TikTok faces a potential EU fine for breaching children’s privacy in Europe

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TikTok is again swimming in mucky waters and is facing a potential EU fine over breaching children’s privacy. The Chinese-owned app could be fined millions of dollars by the European data protection regulator.

 The European Data Protection Board said a binding decision has been reached on TikTok over processing of children’s data.

According to The Guardian, the regulator “adopted a dispute resolution decision” after the ByteDance-owned app submitted legal objections to an earlier ruling in Ireland. The fine is expected to be issued within the next four weeks.

The European Union’s decision comes on the heels of an investigation, opened in 2021, by the data protection commissioner in Ireland into TikTok’s level of compliance with its general data protection regulation and how it handles the data of children between the ages of 13 and 17.

In April, the UK’s data watchdog fined TikTok $15.8 million for failing to protect the privacy of children. In an investigation carried out by the Information Commissioner’s Office (ICO), TikTok used the data of children of this age without parental consent. 

The investigation revealed that the Chinese app allowed up to 1.4 million UK children under the age of 13 to make use of its platform in 2020.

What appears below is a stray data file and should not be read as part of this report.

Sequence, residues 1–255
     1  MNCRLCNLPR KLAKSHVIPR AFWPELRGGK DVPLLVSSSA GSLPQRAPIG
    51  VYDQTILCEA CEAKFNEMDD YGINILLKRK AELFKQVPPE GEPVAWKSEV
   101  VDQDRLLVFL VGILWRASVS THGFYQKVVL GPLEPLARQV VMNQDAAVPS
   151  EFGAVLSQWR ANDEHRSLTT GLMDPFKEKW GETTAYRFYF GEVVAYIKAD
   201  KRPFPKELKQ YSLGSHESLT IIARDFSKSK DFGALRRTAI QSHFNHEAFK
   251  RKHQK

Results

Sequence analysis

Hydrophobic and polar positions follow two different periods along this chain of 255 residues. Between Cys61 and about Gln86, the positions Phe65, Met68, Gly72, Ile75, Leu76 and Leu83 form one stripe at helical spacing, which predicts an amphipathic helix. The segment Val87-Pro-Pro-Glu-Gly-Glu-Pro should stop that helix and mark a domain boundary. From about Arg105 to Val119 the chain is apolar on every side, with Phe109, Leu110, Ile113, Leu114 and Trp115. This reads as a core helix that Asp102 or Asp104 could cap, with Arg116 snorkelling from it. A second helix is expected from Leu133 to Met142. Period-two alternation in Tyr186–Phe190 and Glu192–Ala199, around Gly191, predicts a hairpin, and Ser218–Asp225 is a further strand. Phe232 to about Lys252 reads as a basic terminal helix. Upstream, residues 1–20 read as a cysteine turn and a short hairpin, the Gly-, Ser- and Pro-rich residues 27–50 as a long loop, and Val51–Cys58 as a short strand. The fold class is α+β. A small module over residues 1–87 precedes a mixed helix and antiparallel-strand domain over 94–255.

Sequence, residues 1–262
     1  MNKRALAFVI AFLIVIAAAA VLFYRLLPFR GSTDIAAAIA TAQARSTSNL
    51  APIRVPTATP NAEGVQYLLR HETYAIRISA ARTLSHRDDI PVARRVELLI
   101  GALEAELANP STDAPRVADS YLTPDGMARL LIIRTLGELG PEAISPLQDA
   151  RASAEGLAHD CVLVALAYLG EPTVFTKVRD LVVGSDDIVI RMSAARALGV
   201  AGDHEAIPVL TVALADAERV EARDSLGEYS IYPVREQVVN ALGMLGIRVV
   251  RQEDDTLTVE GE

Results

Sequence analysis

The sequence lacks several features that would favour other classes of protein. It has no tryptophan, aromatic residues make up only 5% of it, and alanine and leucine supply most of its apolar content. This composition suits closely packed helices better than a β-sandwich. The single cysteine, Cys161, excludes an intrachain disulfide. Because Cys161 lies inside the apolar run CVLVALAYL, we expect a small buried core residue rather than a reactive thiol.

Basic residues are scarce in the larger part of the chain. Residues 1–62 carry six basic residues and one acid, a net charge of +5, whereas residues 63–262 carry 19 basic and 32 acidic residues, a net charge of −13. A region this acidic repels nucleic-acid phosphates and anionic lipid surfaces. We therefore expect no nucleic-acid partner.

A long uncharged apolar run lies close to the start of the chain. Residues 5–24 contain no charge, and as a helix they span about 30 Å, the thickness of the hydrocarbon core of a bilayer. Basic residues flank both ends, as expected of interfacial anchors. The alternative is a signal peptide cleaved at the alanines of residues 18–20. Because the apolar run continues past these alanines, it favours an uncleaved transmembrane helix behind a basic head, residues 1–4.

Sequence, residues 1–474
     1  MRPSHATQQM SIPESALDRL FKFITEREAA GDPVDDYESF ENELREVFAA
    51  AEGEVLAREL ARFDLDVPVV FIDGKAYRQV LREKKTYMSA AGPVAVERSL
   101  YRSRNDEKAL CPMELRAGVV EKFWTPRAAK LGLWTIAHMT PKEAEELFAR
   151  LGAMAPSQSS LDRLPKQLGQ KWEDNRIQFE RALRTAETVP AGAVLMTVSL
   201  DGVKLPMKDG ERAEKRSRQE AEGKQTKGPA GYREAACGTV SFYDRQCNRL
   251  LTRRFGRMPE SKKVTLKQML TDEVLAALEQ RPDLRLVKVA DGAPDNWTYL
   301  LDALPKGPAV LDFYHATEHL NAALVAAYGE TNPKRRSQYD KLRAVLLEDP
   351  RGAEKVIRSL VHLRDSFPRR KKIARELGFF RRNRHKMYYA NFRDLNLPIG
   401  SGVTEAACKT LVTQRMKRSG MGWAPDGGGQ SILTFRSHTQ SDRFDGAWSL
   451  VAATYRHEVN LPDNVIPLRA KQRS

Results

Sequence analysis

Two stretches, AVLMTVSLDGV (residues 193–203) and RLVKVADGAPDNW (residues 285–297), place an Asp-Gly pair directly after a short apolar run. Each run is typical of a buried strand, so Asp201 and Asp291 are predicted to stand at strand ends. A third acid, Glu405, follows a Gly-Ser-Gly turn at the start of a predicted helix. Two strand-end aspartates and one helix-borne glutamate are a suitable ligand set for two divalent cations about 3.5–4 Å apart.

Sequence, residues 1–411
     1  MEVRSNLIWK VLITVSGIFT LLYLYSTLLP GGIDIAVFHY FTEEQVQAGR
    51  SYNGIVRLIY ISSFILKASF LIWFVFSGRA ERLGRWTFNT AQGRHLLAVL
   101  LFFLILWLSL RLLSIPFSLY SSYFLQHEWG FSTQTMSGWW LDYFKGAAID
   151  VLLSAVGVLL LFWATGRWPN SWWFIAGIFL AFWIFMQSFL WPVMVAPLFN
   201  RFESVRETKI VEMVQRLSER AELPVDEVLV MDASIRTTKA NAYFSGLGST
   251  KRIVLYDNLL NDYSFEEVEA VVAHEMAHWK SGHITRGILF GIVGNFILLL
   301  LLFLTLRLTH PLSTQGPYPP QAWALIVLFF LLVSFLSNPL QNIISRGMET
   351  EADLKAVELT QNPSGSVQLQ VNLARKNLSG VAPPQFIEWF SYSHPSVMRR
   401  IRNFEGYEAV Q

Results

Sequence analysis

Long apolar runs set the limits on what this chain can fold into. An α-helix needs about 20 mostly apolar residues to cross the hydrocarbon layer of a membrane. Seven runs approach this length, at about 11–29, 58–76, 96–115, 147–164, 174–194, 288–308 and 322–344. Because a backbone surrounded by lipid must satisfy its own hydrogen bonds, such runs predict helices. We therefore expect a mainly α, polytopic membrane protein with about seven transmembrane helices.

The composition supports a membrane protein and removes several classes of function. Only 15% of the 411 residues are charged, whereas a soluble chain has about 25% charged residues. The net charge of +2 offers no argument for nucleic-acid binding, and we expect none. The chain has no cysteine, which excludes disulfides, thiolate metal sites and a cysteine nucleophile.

According to the ICO, many children were able to access the site despite TikTok setting 13 as the minimum age to create an account. This, of course, exposed them to vulnerabilities and inappropriate content.

Information commissioner John Edwards said, per the BBC: “There are laws in place to make sure our children are as safe in the digital world as they are in the physical world. TikTok did not abide by those laws.

As a consequence, an estimated one million under-13s were inappropriately granted access to the platform, with TikTok collecting and “TikTok should have known better. TikTok should have done better. Our £12.7m fine reflects the serious impact their failures may have had.”

The commissioner later told the BBC that TikTok had “taken no steps” to obtain parental consent.

“When you sign up you can be targeted for advertising, you can be profiled, your data contributes to an algorithm which feeds content,” he said.

“If you’ve been looking at content which is not appropriate for your age, that can get more and more extreme.

It can be quite harmful for people who are not old enough to fully appreciate the implications and to make appropriate choices.”

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Author: Ola Ric

Ola Ric is a professional tech writer. He has written and provided tons of published articles for professionals and private individuals. He is also a social commentator and analyst, with relevant experience in the use of social media services.

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